Vinsamlegast notið þetta auðkenni þegar þið vitnið til verksins eða tengið í það: http://hdl.handle.net/1946/17954
In this thesis the evolution of the Japanese ningyou (doll) from a shamanistic religious phenomenon to a commercialised good will be looked into. The first Japanese ningyou to surface was the Dogu, being a very probable fertility symbol; it was of a large importance to the Japanese people, as fertility of the earth, animals and the people and was therefore very important to the society. With the Haniwa, the Japanese ningyou received another meaning; protection. These two elements, fertility and protection became the two most important factors of the Japanese ningyou over the centuries to come.
With the appearance of the Amagatsu and the Hoko, the ningyous’ significance deepened and with their evolution, the ningyo received a more permanent place in society. However, in modern times, such values have come to not matter as much. As time passed and the ningyo succumbed to immense popularity they also succumbed to the effect of commercialisation. Due to this the ningyou slowly lost its connection to fertility and protection and their importance shifted to the aesthetics side. Other modern ningyo have also succumbed to commercialisation; the Kokeshi in the form of the kindai Kokeshi ningyou, and the Ball jointed dolls, even though the idea of them is not originally Japanese, the execution of the Japanese and the Japanese commercialised society has made them what they are.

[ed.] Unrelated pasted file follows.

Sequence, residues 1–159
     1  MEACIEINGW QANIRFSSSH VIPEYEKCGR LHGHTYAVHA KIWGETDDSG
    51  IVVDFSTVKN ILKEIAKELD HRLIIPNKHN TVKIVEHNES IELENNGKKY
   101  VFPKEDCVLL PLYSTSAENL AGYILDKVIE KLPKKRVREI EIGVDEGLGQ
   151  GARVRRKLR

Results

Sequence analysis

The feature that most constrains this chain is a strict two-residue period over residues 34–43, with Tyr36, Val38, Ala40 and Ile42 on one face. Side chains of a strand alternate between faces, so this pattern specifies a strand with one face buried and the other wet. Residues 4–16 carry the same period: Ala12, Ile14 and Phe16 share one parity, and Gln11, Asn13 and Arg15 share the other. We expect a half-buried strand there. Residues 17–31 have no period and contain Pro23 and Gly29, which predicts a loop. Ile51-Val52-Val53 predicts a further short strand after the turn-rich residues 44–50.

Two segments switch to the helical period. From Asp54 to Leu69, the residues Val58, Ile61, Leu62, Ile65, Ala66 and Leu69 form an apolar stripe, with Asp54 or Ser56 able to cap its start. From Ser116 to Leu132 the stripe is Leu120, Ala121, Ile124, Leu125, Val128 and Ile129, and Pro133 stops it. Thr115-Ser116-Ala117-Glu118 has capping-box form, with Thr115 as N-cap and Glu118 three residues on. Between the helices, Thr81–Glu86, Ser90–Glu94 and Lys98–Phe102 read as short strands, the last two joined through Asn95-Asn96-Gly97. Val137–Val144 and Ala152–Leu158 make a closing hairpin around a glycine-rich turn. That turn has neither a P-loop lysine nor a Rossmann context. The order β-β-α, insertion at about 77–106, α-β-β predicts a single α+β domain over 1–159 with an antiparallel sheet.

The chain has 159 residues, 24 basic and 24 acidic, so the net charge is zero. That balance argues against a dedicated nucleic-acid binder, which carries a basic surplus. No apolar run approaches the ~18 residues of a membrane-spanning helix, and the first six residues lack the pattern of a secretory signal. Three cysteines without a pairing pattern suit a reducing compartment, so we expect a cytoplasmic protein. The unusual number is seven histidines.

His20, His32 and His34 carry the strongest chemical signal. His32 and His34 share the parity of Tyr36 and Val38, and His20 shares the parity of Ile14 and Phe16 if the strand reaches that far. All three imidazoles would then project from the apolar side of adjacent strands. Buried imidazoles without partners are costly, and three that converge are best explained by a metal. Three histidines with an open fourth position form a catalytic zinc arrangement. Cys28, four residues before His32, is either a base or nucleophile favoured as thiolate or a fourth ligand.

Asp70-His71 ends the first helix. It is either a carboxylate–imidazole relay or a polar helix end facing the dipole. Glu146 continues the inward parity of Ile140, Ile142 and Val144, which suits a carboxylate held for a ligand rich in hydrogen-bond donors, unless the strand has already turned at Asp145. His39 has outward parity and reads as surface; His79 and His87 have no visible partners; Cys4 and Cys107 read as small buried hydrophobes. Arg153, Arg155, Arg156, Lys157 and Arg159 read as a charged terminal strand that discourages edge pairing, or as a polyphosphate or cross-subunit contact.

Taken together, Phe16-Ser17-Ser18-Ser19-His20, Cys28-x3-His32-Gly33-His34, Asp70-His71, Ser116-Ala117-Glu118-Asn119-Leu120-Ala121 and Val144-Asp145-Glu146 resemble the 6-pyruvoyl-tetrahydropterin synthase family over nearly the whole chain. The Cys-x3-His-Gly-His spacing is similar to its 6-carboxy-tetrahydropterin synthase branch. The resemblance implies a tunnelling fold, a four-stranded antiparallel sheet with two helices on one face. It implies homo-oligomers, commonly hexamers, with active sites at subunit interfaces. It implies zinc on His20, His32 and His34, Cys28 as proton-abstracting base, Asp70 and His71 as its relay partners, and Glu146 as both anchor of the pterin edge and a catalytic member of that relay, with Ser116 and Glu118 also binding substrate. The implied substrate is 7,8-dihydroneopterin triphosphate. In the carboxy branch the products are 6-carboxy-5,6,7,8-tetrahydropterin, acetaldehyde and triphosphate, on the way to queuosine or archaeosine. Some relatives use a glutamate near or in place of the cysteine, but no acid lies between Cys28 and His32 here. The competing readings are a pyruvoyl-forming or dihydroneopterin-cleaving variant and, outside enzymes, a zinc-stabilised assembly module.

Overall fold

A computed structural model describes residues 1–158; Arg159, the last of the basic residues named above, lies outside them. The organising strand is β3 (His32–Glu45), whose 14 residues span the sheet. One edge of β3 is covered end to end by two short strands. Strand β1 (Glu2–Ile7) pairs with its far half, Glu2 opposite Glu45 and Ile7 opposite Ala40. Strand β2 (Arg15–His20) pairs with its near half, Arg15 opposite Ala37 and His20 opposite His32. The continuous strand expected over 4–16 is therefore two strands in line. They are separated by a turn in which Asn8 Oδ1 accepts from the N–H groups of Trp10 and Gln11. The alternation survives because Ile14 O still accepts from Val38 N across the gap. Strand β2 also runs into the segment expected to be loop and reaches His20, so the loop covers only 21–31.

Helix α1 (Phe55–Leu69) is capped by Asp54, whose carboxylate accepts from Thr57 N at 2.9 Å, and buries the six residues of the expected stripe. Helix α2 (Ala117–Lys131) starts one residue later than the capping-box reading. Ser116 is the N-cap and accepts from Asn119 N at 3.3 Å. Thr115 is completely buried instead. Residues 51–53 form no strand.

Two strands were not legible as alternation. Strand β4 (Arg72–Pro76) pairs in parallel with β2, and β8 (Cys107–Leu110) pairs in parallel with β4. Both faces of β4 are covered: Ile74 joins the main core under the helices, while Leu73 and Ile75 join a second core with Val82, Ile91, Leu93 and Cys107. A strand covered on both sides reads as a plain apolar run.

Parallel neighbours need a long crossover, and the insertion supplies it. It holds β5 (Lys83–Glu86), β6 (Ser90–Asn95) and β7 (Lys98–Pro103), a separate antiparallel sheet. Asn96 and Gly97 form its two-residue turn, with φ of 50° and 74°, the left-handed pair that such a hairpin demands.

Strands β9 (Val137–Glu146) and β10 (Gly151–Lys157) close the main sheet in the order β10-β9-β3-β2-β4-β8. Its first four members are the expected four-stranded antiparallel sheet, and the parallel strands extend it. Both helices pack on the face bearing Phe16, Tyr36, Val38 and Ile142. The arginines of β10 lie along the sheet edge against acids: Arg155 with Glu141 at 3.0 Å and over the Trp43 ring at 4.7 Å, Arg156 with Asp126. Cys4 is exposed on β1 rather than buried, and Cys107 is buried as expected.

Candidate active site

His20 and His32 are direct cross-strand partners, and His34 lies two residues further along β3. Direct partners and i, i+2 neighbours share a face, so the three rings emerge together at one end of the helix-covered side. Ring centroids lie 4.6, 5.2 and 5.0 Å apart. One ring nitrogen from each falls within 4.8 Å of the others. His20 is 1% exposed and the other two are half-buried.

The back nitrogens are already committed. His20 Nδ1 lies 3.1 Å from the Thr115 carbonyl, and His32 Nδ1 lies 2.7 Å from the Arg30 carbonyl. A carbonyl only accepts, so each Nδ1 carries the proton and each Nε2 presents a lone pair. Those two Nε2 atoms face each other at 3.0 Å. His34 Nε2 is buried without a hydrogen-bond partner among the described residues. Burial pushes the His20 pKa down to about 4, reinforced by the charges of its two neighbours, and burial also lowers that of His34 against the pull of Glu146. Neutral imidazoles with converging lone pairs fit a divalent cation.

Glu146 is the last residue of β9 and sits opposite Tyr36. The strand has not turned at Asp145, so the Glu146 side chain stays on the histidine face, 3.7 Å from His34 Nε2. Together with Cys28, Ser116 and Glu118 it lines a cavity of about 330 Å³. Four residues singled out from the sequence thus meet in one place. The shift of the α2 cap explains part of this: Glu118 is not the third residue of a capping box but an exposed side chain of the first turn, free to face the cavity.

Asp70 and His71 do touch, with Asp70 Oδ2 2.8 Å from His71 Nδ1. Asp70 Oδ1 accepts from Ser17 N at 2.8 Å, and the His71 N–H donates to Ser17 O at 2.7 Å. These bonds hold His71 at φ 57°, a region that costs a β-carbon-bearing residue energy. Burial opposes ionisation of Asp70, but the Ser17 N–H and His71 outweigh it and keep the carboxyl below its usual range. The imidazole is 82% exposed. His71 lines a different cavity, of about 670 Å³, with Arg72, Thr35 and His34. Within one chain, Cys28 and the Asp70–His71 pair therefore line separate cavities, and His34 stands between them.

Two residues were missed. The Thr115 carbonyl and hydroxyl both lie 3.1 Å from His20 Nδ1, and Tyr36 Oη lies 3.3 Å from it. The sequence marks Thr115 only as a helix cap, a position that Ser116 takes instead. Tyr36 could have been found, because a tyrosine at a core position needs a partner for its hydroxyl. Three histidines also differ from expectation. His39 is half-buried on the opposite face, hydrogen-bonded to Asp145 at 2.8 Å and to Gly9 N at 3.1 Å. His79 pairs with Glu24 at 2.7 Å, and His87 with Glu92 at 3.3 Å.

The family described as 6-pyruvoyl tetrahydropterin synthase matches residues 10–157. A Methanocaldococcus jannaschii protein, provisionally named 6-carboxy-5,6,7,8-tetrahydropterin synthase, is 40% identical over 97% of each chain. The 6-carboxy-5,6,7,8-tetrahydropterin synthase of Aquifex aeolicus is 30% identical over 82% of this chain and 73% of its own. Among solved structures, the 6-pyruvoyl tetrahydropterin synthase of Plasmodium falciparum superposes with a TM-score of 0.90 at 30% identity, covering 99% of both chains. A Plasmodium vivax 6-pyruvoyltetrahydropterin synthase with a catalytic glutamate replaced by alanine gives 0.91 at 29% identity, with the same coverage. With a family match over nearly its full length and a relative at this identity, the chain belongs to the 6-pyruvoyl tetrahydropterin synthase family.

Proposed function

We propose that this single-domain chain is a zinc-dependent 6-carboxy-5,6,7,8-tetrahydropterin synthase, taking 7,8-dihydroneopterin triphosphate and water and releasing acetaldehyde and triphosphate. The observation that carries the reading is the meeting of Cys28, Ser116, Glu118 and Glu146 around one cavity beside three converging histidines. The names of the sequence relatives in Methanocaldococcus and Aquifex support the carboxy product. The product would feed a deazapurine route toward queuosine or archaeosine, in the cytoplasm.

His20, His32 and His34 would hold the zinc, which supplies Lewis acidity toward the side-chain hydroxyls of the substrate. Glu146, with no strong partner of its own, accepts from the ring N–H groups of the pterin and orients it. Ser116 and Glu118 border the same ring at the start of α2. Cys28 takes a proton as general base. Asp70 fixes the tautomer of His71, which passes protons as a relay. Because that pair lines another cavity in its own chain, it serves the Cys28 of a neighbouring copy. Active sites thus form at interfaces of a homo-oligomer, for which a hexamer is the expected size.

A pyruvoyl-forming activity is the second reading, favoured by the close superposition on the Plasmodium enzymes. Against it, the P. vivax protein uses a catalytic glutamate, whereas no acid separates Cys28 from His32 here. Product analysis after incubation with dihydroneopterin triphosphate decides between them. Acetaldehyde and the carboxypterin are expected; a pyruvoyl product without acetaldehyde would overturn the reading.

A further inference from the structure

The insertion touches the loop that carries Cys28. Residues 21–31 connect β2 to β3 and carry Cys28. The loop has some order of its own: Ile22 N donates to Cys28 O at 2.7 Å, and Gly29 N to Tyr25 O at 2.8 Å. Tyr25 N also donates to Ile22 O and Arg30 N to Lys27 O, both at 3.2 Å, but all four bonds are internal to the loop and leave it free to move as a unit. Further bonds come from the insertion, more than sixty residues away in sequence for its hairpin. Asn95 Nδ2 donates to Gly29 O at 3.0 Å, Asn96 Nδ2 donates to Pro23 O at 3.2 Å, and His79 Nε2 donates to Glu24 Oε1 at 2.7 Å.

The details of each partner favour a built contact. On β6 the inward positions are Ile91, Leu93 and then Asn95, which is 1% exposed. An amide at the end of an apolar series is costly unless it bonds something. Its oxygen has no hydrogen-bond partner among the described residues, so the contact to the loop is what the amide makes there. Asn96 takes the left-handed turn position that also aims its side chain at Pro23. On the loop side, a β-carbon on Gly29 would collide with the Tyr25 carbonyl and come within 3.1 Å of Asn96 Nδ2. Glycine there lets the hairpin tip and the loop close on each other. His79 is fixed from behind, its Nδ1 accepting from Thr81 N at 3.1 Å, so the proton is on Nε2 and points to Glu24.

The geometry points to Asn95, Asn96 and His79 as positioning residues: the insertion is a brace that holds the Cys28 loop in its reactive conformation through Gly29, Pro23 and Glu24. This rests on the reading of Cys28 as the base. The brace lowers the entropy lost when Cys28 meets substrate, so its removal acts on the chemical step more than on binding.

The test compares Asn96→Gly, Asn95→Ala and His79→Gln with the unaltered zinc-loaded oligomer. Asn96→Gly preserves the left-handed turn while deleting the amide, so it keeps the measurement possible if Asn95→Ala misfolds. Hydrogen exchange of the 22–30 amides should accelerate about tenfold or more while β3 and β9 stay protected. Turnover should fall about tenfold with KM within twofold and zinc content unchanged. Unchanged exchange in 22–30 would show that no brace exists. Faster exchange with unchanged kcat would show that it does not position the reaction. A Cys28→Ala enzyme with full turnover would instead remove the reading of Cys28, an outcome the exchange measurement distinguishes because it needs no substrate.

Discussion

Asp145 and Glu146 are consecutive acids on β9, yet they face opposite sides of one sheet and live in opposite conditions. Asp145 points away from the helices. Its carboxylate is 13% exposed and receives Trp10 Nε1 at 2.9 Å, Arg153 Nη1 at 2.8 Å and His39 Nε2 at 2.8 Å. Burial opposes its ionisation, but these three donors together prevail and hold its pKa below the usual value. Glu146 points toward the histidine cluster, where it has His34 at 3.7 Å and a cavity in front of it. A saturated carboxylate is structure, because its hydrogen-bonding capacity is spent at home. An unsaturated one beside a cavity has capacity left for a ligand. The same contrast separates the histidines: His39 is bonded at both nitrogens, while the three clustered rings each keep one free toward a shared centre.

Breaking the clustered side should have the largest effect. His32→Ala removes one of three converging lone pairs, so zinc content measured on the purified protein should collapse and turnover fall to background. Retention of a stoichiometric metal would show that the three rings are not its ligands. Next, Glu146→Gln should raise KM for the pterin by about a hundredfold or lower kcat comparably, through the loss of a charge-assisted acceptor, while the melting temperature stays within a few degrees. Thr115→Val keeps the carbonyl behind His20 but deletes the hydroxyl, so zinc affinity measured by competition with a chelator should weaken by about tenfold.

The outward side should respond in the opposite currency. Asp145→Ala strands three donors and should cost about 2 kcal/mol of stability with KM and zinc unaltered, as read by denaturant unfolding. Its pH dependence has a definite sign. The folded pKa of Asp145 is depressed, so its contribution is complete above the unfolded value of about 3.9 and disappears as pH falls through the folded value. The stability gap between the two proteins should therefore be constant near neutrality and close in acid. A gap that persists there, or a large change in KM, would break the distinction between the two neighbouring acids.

Thus this thesis comes to the conclusion that the ningyo that used to be highly valued as a shamanistic and religiously important in the lives of the Japanese people, is now merely a product of commercialisation.